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Figure 2. Distinct lipidomic changes are induced by the presence of inhibitors. (A) Principal component analysis (PCA) score plot for the different lipidomes (PC-1 and PC-2). The CTRL indicates that only DMSO was added to the growth medium (green), bafilomycin (red), C75 (orange), celecoxib (spring green), etomoxir (light green), fumonisinB1 (cyan), myriocin (light blue), orlistat (dark blue), rosiglitazone (purple), spautin (pink). (B) PCA loading plot (PC-1 and PC-2), lipid species that contributed the most to the variance are labeled, the size of the dots indicates relative abundance. (C) Principal component analysis score plot for PC-2 and PC-3. (D) PCA loading plot (PC-2 and PC-3). Sphingosine backbones were assumed for sphingomyelin (SM) species. An ‘A’ in the lipid name indicates the presences of an ether linkage.
Figure 2. Distinct lipidomic changes are induced by the presence of inhibitors. (A) Principal component analysis (PCA) score plot for the different lipidomes (PC-1 and PC-2). The CTRL indicates that only DMSO was added to the growth medium (green), bafilomycin (red), C75 (orange), celecoxib (spring green), etomoxir (light green), fumonisinB1 (cyan), myriocin (light blue), orlistat (dark blue), rosiglitazone (purple), spautin (pink). (B) PCA loading plot (PC-1 and PC-2), lipid species that contributed the most to the variance are labeled, the size of the dots indicates relative abundance. (C) Principal component analysis score plot for PC-2 and PC-3. (D) PCA loading plot (PC-2 and PC-3). Sphingosine backbones were assumed for sphingomyelin (SM) species. An ‘A’ in the lipid name indicates the presences of an ether linkage.
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Figure 3. Correlations between inhibitors and lipid species, and connections between inhibitors and lipid classes. (A) A heatmap of lipids species that at least contribute to 0.5% of the lipidome of the control samples, and that are changed at least by a factor 2 (up or down) with a p < 0.001. (B) A chord diagram showing connections between inhibitors and lipid classes, the width of the chords is determined the number of lipid species that significantly (p < 0.001) changed upon addition of the inhibitor.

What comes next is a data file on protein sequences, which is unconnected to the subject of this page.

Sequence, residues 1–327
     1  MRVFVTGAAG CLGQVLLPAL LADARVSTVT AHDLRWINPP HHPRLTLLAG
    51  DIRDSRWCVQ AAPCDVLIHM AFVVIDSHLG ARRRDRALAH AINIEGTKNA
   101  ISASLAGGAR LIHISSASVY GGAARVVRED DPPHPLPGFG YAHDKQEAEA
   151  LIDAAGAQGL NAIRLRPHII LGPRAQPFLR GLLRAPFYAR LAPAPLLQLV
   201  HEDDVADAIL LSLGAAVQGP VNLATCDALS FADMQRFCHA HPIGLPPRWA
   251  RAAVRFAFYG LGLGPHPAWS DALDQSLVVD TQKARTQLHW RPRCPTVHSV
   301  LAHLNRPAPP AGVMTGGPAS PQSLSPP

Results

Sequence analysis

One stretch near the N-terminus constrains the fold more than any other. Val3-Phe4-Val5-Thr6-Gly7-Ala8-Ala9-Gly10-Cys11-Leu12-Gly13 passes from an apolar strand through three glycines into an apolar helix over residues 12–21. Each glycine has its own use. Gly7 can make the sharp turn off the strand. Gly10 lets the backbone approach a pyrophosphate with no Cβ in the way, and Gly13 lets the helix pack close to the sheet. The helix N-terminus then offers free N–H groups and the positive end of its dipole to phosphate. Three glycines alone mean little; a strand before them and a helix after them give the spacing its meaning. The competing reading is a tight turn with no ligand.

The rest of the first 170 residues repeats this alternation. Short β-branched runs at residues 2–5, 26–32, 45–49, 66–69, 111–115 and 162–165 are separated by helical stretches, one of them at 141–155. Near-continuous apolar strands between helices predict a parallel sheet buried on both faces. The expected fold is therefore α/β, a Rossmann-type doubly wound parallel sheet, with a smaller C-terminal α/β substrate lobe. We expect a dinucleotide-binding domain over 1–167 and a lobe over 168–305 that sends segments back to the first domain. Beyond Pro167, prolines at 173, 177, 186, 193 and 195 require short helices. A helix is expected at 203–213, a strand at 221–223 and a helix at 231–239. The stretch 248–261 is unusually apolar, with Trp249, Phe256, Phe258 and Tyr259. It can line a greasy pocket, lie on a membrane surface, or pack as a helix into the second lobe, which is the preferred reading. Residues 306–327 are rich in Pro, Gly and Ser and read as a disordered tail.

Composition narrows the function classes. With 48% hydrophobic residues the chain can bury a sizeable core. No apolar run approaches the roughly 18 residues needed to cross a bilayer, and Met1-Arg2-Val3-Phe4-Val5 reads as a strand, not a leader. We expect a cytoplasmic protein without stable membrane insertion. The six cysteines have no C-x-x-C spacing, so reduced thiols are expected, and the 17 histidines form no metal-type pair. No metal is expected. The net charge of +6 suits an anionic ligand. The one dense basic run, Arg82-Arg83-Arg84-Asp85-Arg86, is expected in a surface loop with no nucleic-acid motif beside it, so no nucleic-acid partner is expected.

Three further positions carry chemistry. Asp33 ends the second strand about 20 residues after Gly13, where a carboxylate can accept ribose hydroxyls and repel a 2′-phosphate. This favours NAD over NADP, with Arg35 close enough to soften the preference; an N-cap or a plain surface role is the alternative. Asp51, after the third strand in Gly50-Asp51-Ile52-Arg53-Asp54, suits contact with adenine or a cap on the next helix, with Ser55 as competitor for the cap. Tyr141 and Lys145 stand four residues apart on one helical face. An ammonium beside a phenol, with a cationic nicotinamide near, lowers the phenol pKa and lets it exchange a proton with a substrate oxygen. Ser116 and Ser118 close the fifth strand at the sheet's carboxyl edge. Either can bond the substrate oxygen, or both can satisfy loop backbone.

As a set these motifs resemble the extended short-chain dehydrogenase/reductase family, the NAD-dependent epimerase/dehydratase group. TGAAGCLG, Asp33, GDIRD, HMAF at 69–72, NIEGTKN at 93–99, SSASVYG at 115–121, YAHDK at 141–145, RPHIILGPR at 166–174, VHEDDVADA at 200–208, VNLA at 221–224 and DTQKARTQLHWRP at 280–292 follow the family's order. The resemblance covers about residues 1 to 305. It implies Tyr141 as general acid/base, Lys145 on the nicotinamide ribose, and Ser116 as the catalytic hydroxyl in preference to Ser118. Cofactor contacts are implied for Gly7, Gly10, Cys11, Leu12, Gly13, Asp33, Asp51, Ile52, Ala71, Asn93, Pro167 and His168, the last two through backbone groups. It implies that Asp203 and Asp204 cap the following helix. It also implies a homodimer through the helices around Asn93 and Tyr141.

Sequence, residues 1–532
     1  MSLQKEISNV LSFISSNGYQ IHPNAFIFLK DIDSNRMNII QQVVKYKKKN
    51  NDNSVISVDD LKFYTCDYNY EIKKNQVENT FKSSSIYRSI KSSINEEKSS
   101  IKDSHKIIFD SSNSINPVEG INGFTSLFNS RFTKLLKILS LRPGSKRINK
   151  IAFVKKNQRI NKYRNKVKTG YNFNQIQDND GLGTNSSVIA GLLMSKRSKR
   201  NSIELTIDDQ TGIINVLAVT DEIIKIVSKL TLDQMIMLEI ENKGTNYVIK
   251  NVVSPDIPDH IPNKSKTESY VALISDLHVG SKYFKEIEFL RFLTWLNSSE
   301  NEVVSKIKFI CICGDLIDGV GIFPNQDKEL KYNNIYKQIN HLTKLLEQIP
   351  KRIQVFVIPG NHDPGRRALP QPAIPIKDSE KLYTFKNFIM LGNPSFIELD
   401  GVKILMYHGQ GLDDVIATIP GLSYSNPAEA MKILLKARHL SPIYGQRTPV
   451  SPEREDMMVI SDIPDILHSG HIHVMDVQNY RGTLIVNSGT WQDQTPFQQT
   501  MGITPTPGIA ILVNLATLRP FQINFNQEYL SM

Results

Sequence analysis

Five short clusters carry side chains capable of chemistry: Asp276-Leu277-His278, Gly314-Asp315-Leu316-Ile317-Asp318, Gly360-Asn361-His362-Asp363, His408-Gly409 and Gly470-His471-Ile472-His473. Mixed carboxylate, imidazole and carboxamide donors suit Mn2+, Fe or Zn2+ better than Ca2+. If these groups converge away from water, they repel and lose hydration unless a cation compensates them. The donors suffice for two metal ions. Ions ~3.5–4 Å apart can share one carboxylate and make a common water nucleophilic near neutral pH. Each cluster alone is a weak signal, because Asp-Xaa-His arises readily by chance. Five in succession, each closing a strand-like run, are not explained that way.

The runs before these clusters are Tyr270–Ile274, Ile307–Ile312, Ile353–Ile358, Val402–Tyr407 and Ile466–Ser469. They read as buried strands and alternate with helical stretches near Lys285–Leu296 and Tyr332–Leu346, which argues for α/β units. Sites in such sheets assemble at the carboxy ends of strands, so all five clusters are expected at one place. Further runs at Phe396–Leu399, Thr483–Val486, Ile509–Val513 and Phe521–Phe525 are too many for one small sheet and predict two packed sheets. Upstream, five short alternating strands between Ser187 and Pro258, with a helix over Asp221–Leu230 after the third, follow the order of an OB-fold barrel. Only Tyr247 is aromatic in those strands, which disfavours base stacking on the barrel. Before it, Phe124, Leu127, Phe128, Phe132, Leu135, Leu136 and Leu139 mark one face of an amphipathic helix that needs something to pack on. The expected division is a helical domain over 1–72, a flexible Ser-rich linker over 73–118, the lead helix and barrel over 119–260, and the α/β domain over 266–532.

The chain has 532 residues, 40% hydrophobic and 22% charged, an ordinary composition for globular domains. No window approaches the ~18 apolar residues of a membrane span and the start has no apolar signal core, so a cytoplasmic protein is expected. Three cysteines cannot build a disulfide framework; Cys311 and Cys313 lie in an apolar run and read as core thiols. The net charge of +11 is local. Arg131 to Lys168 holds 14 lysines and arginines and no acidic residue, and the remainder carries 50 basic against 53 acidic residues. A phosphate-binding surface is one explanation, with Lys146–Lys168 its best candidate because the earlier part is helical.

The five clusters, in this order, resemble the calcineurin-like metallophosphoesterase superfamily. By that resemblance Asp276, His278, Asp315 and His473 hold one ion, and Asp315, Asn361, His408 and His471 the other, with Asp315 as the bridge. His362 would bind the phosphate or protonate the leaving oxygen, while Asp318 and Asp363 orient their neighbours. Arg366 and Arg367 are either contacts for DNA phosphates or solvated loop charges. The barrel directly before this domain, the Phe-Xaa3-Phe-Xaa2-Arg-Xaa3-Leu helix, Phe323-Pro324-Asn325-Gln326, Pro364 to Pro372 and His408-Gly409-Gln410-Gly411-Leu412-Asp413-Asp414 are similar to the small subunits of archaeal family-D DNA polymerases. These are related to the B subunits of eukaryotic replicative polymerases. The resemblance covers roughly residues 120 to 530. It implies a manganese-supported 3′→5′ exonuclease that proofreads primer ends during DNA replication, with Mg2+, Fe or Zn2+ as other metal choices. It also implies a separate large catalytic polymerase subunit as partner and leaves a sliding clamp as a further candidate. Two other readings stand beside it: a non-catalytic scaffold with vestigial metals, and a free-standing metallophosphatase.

Figure 3. Correlations between inhibitors and lipid species, and connections between inhibitors and lipid classes. (A) A heatmap of lipids species that at least contribute to 0.5% of the lipidome of the control samples, and that are changed at least by a factor 2 (up or down) with a p < 0.001. (B) A chord diagram showing connections between inhibitors and lipid classes, the width of the chords is determined the number of lipid species that significantly (p < 0.001) changed upon addition of the inhibitor.
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Figure 4. Heatmap of lipid-lipid correlations. The 75 most abundant lipid signals were ordered using hierarchical clustering. Correlations between lipid species are colored from strong positive correlation (red), to no correlation (white), to negative correlation (blue). The boxed areas 1–3 are discussed in the main text.
Figure 4. Heatmap of lipid-lipid correlations. The 75 most abundant lipid signals were ordered using hierarchical clustering. Correlations between lipid species are colored from strong positive correlation (red), to no correlation (white), to negative correlation (blue). The boxed areas 1–3 are discussed in the main text.